I remember clearly the hours spent in the hospital with him and my grandmother while he received chemotherapy drip by drip through an IV in his hand.  The hours spent on his bed with him because the therapy made him too sick to be up and about.  The obvious weakness every time I came back to Columbus after months back home in Indiana.  I watched as the cancer took hold in his liver and lungs, despite the offerings of modern medicine.  All I could do was stand by as doctors told us that the chemo was no longer working and as he was put on supportive care in an effort to make him as comfortable as possible.  There’s no more powerful way of realizing that you are completely helpless in a situation.



            After his lapse into a coma, I rarely entered the room.  He wasn’t really there.  He had left weeks before.  And, as an eleven-year-old, I could barely keep myself together when I was anywhere else in the house, much less his room.  I had already spent years in depression and just as I was coming out of the worst of that, we got the call – the hospice nurses said it was the end and we needed to come soon if we wanted a chance to say goodbye while he was still slightly able to comprehend the fact we were there.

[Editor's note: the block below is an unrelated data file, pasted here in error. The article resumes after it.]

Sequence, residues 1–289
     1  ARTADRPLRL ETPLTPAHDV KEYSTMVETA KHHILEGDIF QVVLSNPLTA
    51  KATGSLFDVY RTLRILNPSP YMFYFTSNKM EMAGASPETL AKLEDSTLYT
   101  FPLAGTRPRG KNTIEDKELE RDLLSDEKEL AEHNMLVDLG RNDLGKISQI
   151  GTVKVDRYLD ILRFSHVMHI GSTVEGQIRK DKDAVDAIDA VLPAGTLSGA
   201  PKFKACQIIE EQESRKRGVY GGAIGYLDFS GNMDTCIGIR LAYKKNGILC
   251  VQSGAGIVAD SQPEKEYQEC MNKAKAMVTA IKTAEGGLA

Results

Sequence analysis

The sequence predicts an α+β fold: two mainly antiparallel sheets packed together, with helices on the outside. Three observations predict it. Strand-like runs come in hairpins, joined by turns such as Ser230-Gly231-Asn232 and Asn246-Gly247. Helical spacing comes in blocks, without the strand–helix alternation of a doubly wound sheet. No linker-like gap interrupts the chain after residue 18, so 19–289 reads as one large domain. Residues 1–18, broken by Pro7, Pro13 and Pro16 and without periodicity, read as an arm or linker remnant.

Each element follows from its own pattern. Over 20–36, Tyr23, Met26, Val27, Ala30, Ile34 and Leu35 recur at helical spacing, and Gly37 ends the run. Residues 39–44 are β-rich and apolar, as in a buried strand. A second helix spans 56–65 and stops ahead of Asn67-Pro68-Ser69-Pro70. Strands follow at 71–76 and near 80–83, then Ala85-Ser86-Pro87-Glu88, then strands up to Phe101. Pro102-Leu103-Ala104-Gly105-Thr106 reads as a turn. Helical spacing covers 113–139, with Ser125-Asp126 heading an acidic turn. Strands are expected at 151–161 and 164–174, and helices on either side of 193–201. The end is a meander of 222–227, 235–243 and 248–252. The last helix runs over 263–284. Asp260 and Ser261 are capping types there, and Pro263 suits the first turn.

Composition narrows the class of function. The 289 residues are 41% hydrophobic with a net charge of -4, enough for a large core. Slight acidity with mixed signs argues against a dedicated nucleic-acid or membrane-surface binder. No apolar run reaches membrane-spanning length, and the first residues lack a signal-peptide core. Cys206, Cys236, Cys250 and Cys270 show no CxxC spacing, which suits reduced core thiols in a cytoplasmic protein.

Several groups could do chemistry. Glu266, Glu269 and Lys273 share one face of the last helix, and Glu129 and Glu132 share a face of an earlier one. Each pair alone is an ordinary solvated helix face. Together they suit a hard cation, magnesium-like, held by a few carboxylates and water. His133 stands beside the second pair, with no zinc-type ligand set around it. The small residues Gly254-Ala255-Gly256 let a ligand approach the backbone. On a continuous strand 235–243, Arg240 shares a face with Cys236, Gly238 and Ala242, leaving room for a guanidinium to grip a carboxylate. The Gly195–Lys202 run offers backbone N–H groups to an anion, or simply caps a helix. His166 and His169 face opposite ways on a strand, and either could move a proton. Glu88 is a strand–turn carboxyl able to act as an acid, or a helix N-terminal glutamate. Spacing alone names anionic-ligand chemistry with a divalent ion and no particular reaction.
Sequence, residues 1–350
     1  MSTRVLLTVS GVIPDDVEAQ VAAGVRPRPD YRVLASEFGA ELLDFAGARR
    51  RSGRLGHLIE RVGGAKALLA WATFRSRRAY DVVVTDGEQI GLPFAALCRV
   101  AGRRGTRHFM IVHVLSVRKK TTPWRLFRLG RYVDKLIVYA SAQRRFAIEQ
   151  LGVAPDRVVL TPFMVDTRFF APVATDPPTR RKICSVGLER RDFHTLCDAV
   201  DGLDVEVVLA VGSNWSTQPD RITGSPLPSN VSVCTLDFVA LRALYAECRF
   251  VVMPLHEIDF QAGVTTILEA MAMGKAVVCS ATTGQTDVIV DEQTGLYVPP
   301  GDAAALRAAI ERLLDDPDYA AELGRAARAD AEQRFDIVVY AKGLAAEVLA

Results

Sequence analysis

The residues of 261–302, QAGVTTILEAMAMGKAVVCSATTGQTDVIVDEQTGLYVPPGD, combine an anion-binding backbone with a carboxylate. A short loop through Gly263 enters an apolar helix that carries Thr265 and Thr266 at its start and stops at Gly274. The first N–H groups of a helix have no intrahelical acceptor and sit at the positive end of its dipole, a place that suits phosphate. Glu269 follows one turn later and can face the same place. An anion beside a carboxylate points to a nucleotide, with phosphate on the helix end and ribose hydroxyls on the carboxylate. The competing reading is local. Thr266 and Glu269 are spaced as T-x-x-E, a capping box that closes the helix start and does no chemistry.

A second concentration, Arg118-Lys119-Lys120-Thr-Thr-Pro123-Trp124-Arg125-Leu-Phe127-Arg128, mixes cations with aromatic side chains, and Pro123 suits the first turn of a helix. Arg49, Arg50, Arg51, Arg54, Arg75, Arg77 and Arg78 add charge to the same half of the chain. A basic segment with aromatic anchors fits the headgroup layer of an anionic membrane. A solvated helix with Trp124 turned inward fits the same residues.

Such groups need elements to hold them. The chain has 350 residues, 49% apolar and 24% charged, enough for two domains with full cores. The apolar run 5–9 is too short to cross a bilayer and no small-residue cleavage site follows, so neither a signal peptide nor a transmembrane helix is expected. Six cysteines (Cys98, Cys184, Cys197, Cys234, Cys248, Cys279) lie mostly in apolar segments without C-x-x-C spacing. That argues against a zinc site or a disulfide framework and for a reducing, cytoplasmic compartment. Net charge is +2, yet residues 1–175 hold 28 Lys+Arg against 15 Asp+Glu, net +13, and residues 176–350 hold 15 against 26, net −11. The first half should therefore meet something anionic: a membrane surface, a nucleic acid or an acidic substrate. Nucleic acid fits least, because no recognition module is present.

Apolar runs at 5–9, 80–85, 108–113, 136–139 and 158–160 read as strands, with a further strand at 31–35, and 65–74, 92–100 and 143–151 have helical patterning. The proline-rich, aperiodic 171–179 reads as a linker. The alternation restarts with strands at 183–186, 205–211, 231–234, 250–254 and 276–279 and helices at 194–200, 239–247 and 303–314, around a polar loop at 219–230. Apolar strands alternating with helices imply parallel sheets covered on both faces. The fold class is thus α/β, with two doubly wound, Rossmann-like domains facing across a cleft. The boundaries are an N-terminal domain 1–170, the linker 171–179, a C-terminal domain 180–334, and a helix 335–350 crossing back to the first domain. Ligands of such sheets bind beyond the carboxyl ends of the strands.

I was the oldest cousin on that side of the family.  I felt responsible to my fellow grandchildren to provide answers to the questions their parents didn’t want to answer.  This gave me a good excuse to hide behind corners and listen to what the adults were saying – things they probably didn’t want us kids to know.  Much of it was medical jargon, but even then, I knew the more technical the speech, the worse the situation.  While there was life, there was hope, but that hope had dwindled almost completely until it was gone.  No miracle was swooping in to save him, no doctor called saying there was one other thing they could try.  There was nothing I could do.  There aren’t really words to describe the feeling of utter helplessness when someone you love is slipping away from you and you can’t hold onto them to save their life – literally.  Especially as an eleven-year-old, who comes harshly to the realization that she has no control over anything whatsoever, from something as traumatizing as the death of her grandfather to something as trivial as what would be served at dinner that night.  No control at all.




            There’s something about a patriarch’s imminent death that brings out the crazy in people.  My fully-grown adult aunts and uncles bickered for hours over something incredibly stupid, as far as I’m concerned, doing what they could to keep their children away from the argument to the extent that we weren’t allowed to come inside, even to use the restroom.  The sad-but-funny part was the fact that they were ganging up on my mother over the decisions she had made regarding the way I was raised, saying she wasn’t letting me have any fun and that she was hurting me somehow.  Honestly, I was more hurt that I couldn’t come in and use the restroom (a decision made by the aunts and uncles who claimed to have my best interests at heart) than the fact that my mother didn’t want me to go to see a particular movie with them.